Should You Buy an Annuity? A Contested Topic in the Financial Sphere
Annuities, which are financial contracts made between insurance companies and investors or retirees, are a contested topic in the financial sphere. Some financial planners are dead-set against annuities in any form for anyone. Should you buy an annuity? There isn't a clear answer.
When you buy an annuity, you make monthly payments or a lump-sum payment in exchange for a guaranteed income stream in retirement. People like the certainty an annuity provides, since the funds in your 401(k) or taxable brokerage account don’t offer guaranteed returns. However, it’s important to evaluate your needs based on your age and other retirement preparations.
Should I buy an annuity with my 401(k)?
If you have a 401(k), 403(b), or similar employer-sponsored retirement account, you might wonder if you should buy an annuity with that account.
Investors can sometimes buy annuities through their 401(k) account, but there are downsides to consider. Many employer-sponsored retirement plans don’t even offer the option to use 401(k) funds to buy annuities.
Pros of buying an annuity with a 401(k) include:
You can use money already earmarked for retirement.
Gender won’t affect pricing, even though women’s life expectancies are longer.
Annuity payouts might be higher than with other annuities.
In contrast, the cons of using your 401(k) to buy an annuity include:
If you're buying when interest rates are low, payouts might be lower than with stock or ETF investing.
There isn't any added benefit from tax-deferred 401(k) funds going to a tax-deferred annuity.
There isn't automatic inflation protection.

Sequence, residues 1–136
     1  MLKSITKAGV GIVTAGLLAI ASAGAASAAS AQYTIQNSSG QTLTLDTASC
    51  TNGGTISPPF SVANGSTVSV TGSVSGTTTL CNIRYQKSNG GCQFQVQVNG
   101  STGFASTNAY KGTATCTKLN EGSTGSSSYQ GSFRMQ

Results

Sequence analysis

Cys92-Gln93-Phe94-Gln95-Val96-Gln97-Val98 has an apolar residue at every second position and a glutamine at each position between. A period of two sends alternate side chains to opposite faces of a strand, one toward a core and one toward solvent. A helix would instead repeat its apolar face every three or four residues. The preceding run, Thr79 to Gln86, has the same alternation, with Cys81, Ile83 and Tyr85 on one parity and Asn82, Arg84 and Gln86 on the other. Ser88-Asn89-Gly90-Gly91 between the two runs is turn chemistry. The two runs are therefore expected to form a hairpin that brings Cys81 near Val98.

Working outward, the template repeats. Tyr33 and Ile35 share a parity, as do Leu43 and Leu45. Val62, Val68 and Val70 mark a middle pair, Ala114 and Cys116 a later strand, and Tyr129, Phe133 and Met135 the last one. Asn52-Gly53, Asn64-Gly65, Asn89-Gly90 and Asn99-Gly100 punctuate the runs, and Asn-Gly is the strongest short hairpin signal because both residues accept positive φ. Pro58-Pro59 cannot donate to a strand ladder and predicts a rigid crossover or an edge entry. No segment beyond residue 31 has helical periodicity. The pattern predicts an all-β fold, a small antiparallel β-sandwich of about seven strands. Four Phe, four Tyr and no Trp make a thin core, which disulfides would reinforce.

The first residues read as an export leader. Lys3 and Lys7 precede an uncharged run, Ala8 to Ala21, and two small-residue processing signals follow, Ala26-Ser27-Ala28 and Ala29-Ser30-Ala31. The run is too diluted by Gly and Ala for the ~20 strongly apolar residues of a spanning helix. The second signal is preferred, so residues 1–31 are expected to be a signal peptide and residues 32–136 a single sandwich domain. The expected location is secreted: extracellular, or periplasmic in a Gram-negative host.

Who shouldn't buy an annuity ?
Most financial experts advise not to buy an annuity unless you’ve invested significantly in other retirement investment plans, like a 401(k) and IRA or Roth IRA. If you’re considering buying an annuity as your sole source of income in retirement, that isn't recommended.
For people in a high tax bracket who have already exhausted their options by investing the maximum amounts in a 401(k) and IRAs, an annuity can be a useful supplemental retirement tool.
People who can take on a bit more risk with retirement can often gain greater returns by investing in mutual funds or other investment vehicles instead of an annuity. Also, if you’re worried about fees, annuities can come with high expenses or fees.
Concerns about inflation might also steer you away from annuities. If payments are fixed, they won’t rise due to inflation.
If you buy an annuity, be sure that the payments will be in addition to other revenue streams. You should also examine the different annuity options and understand the rules before selecting the right one for you.
What's better than an annuity for retirement?
For many people, it’s better to focus first on traditional employer-sponsored retirement plans like the 401(k), 403(b), or 457(b). Individual retirement accounts (IRAs) and Roth IRAs are also commonly considered as wise choices for retirement planning.
Even though stock-based investments come with inherent risks, the potential gains can also be higher. Annuities provide a fixed payment, which can be both good and bad. You have guaranteed income in retirement, but your payments won’t stretch as far if inflation is high.